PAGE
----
I saw my supervisor for the first time in nearly two months yesterday. For various personal reasons our paths just weren’t crossing like you’d expect. I was out for three weeks, then he was out for a time. The logistics just weren’t matching up.
So he shows up at the very end of my shift. He does his “rounds,” visiting with my colleagues and then finally ends up at my desk. We exchange the obligatory greetings and then he jumps right into it. He starts complimenting my work ethic and showering me with praise for doing my job so well. For a bit of exposition, I’ve only been in this position for 58 days. Out of those 58, only 43 of those were work days. I was absent for exactly 15 of those. So after a bit of mathematical magic, it can be determined that I’ve worked a collective 28 days. I’ve worked one full February.
My supervisor is a really nice guy. You can tell that his main love language is “Words of Affirmation,” because he’s so quick to hand out compliments to you, even in situations that don’t call for them. “Your desk is really clean.” “How’d you get your posters so straight, that’s awesome.” I’ve never seen someone highlight a line so straight before.” That’s just who he is.
I’m quitting this job. Not today, but I’m actively seeking other opportunities of gainful employment. After 28 days of working, I don’t want to be here anymore. Truthfully this wasn’t my first choice of occupation when I was promoted, but it was the first to make me an offer. I accepted it solely for the purpose of making more money while I actively search for jobs I’m qualified for.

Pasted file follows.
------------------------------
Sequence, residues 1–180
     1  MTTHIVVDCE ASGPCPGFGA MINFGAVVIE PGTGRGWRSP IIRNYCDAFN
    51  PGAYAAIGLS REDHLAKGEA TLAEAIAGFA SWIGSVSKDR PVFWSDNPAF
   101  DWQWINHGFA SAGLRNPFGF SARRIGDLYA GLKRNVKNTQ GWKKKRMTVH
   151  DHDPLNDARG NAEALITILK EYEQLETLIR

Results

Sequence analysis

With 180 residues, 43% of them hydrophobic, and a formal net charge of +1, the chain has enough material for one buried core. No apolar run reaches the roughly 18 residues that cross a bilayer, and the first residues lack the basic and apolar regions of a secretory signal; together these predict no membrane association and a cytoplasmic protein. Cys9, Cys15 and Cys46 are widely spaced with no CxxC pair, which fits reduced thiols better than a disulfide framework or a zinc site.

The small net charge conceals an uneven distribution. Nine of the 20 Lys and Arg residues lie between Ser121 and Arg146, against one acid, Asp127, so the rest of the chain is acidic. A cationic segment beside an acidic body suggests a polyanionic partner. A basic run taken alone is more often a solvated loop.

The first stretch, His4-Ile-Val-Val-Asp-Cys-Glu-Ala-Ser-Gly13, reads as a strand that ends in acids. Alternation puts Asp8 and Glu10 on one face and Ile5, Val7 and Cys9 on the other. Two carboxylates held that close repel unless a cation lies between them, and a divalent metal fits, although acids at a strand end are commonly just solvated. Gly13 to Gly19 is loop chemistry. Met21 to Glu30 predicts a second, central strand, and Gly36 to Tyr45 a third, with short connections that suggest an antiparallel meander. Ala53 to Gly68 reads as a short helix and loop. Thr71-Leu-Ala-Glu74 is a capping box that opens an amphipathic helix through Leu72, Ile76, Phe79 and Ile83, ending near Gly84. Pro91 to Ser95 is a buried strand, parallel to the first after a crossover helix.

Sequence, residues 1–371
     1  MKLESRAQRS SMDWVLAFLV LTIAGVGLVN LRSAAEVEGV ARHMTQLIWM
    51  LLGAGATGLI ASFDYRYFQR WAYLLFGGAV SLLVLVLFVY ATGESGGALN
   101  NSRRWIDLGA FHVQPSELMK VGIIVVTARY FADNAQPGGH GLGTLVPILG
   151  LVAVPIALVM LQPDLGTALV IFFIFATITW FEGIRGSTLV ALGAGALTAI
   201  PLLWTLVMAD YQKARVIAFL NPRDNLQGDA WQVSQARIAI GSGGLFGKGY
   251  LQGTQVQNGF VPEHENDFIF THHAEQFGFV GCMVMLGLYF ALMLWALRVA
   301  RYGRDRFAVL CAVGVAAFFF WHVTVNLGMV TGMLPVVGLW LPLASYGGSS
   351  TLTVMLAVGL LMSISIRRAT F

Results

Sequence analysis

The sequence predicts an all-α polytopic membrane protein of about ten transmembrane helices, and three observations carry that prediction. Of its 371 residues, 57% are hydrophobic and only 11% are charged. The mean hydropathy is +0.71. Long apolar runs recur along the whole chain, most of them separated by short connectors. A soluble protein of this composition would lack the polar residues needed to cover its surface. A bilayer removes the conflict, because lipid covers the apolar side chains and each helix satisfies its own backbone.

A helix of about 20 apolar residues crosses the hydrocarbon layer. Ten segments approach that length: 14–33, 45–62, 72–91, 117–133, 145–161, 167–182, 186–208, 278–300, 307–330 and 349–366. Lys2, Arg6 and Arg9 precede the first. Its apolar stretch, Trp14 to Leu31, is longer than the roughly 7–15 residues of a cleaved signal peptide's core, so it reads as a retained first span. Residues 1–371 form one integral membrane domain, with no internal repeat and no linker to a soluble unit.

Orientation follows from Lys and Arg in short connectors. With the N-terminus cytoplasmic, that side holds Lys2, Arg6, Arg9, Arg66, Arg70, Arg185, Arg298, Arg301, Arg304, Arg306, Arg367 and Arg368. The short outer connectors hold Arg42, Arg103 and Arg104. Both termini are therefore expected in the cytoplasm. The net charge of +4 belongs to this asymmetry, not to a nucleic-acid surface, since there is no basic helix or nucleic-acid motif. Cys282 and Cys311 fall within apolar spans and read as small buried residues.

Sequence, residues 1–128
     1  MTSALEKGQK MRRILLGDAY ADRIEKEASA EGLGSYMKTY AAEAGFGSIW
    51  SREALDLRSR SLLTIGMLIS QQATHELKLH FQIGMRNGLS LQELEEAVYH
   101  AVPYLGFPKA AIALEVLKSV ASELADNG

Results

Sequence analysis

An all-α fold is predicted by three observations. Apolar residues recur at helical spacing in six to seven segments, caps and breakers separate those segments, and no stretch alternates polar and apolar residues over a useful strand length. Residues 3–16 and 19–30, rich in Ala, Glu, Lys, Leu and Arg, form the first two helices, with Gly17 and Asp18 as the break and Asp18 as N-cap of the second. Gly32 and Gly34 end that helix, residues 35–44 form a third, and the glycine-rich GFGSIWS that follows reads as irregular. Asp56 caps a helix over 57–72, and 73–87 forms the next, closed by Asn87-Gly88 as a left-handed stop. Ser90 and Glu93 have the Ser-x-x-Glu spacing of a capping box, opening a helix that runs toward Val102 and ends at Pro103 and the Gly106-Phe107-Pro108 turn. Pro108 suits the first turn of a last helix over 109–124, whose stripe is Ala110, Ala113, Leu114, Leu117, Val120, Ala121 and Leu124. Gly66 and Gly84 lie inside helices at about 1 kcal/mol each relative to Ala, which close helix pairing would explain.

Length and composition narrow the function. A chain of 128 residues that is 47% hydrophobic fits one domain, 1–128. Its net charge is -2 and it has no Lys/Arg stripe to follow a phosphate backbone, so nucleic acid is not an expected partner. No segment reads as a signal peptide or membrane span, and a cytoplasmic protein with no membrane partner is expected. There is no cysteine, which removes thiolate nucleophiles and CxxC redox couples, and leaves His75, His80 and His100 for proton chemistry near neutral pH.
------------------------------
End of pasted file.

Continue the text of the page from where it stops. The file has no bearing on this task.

I know he’s going to take it personally. That’s just the type of guy he is. He tries and tries and thinks being helpful or offering up kind words, is enough to make you waste another four years of your life at a company that doesn’t really care about you. I make really decent money here, but the atmosphere is so toxic that it completely undermines any and all benefits of the job. I play my role decently, but under each line I read as “happy employee number four,” I’m dying of stress and aggravation. And this started way before I was promoted.
I honestly feel bad for him. Right now I’m the only employee with an understanding of Microsoft office in an excel-heavy work environment. When I leave, the quality of the work is going to drop significantly. But that’s not my problem. My problem is finding more money for my personal life.
So, I’m planning to leave—very soon. My supervisor is going to be left to pick up the pieces. I’ll also be taking a two weeks vacation after submitting my two weeks notice. Oops, pow, surprise…sorry.